Jiangxi University Professor Addresses Higher Education in China

By Purnell T. Cropper | November 22, 2011

By Erica Lamberg

As part of Arcadia’s celebration of International Education Week, a presentation about Higher Education in China was led by Dr. Xuchuan Xu of Jiangxi University of Finance and Economics in the north of Nanchang Province in China. Provost Dr. Steve O. Michael introduced Xuchuan and described the opportunity to exchange ideas about international education as both exciting and necessary. Also present were Janice Finn, Associate Dean for International Affairs, and staff from Enrollment Management, The College of Global Studies and students from International Business and Culture and other majors.

The comprehensive slide-show presentation included statistics about growth rates in higher-education enrollment. He reported that in 2010, the gross enrollment for higher education increased to 26.5 percent.

He then reviewed the differences between higher education in China and the United States. Most notable, he said, was the role of government. “In China, the government has a strong position,” Xuchuan said. “Within a centralized educational system, government controls all higher education institutions through policy-making, legislation, planning, funding and evaluation.”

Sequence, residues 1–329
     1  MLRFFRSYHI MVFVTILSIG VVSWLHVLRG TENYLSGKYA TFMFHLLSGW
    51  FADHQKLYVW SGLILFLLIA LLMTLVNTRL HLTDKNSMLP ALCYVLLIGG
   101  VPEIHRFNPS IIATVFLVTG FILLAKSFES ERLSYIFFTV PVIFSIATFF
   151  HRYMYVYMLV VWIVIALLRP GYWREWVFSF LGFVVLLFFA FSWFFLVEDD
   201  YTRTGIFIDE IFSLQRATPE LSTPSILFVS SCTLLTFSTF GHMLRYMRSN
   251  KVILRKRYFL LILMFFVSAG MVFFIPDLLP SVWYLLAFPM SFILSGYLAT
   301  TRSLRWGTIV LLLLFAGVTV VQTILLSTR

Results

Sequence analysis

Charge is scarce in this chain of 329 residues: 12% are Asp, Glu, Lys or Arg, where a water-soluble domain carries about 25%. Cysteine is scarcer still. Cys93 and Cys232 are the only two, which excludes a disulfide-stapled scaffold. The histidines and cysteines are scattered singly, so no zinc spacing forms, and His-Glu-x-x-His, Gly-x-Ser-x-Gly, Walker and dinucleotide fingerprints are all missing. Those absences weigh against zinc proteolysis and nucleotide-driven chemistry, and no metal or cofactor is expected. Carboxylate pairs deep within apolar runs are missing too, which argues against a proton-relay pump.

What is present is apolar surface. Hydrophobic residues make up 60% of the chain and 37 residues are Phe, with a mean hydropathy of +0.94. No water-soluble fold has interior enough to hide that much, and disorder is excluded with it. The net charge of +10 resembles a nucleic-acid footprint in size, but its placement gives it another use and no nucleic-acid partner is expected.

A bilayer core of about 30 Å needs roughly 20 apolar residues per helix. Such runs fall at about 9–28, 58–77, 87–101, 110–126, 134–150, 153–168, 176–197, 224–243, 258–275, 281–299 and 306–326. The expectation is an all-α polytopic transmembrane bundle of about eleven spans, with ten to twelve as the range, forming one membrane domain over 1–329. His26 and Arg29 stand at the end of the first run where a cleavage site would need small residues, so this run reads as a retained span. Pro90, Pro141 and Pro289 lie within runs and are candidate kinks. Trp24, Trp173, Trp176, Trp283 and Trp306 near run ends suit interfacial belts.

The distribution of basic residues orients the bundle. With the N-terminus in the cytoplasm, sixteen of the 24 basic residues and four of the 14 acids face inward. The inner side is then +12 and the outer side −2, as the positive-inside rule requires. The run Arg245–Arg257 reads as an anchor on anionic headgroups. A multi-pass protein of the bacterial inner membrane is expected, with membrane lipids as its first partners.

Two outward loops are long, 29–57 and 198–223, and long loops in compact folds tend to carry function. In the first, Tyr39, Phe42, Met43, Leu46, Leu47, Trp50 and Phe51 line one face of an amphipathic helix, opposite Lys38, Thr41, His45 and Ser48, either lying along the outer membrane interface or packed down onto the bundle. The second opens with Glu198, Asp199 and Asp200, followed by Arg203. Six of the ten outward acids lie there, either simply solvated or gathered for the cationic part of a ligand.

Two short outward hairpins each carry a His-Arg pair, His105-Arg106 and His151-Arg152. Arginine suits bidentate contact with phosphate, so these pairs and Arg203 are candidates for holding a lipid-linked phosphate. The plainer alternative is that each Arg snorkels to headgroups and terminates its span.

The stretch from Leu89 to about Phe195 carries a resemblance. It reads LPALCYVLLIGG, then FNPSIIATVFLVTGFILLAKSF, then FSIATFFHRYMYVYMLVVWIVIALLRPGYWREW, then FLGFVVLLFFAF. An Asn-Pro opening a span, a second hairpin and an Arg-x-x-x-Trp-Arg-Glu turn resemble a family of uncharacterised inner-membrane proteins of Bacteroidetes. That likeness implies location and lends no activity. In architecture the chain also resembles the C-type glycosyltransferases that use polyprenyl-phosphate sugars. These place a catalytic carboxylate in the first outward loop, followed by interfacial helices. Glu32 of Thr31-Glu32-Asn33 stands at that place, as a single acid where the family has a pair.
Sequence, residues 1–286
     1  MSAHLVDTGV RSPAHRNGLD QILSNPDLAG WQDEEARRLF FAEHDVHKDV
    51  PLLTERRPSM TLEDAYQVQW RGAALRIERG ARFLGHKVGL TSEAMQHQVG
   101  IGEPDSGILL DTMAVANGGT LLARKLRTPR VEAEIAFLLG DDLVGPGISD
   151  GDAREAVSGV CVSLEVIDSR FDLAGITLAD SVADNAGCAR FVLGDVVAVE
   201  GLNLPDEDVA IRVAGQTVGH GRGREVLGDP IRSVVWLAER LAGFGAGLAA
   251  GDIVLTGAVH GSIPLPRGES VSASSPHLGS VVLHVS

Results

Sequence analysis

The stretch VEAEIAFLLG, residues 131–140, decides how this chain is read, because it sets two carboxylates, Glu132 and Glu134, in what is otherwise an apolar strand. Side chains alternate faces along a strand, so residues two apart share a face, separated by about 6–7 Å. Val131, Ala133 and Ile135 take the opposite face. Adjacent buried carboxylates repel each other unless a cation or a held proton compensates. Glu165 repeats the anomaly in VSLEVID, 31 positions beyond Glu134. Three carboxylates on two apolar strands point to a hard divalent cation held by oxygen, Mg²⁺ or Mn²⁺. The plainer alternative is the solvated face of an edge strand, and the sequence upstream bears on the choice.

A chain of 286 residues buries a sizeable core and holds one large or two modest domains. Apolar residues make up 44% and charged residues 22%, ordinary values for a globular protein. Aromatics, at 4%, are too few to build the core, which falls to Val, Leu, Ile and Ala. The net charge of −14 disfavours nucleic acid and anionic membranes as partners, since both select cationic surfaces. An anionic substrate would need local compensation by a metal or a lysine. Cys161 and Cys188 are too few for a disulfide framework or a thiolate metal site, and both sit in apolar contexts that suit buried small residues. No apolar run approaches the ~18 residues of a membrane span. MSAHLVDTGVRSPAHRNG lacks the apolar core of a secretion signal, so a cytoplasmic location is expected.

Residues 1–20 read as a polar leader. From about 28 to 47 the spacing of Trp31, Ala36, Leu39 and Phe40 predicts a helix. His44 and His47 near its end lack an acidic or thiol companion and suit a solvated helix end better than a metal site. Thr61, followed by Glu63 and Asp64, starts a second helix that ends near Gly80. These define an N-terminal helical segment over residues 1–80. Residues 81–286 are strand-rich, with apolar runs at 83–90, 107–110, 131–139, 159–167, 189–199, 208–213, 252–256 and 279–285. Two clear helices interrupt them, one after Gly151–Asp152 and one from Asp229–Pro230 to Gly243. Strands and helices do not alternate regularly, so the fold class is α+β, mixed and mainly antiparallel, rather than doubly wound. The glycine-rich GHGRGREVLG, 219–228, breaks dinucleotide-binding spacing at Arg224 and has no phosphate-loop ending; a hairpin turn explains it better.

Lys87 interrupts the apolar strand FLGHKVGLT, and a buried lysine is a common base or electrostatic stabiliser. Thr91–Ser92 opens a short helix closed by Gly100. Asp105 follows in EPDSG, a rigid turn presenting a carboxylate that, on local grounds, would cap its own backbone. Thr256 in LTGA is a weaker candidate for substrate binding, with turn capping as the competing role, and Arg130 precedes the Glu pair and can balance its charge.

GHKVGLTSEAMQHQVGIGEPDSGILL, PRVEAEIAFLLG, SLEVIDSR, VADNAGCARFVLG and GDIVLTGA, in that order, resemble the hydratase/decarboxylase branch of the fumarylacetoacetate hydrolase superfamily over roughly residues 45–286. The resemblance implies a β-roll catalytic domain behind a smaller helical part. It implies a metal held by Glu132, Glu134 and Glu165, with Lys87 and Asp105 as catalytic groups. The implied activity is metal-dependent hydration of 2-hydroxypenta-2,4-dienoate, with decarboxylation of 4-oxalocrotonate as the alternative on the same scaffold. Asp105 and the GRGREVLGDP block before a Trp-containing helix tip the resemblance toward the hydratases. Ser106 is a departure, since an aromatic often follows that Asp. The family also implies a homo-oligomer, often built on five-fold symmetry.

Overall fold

He went on to describe how the President of each institution works under the leadership with the Committee Chinese Communist Party. “So it is obvious,” said Xuchuan, “higher education in China is an executive-led system.”

According to Dr. Xuchuan’s reporting, in 2010, there were over 3300 higher education institutions in China enrolling 33.2 million students. Undergraduates have been choosing fields of study according to the demands of the labor market. While engineering is the top choice of study, the interest in administration is rapidly increasing.

Financing education in China is also an important variable as the demand for higher education continues to grow. “The current tuition fees vary according to institution, program and location,” said Xuchuan, adding that according to the Minister of Education, tuition reflects the per student operational costs of the institution, and the appropriation from the local government, and a student’s household income level.

He said China is committed maintaining a strong influx of new educators. Students in the “six national normal” (teacher education) universities, which are affiliated to the Ministry of Education, have had their tuition fees waived since 2007. “These students are required to work as teachers in the K-12 education system upon graduation,” Xuchuan said.

As in the United States, students in China are encouraged to experience a multi-faceted college experience.  “They should not just be studying text books,” explained Xuchuan. “Students have clubs and societies, sports centers and volunteer associations.”

The outlook for higher education in China is “big, but not strong,” he said. “It isn’t world-class. The key is the government has to decentralize to set more free air to universities.”

Following his presentation, there was a question-and-answer session.

Photo by Pedro Leal ’13